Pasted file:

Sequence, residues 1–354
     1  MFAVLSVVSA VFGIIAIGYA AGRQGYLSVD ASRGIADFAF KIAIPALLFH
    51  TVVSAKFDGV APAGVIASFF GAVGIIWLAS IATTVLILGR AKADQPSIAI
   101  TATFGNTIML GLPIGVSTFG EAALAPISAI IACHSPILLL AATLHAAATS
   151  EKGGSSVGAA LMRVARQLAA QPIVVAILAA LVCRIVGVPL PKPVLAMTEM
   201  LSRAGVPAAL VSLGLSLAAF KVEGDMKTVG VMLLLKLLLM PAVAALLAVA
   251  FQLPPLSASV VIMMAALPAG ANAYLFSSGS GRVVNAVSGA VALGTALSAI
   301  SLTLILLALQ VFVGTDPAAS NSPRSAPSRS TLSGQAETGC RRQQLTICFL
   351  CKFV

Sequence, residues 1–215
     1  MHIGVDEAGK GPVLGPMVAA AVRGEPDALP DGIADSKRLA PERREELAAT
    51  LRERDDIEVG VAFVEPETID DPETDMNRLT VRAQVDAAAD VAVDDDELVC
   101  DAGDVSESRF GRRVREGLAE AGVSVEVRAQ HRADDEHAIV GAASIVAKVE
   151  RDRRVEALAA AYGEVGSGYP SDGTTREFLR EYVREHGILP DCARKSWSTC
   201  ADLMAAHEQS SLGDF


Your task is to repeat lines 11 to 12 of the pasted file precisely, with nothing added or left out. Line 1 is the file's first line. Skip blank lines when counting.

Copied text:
     1  MHIGVDEAGK GPVLGPMVAA AVRGEPDALP DGIADSKRLA PERREELAAT
    51  LRERDDIEVG VAFVEPETID DPETDMNRLT VRAQVDAAAD VAVDDDELVC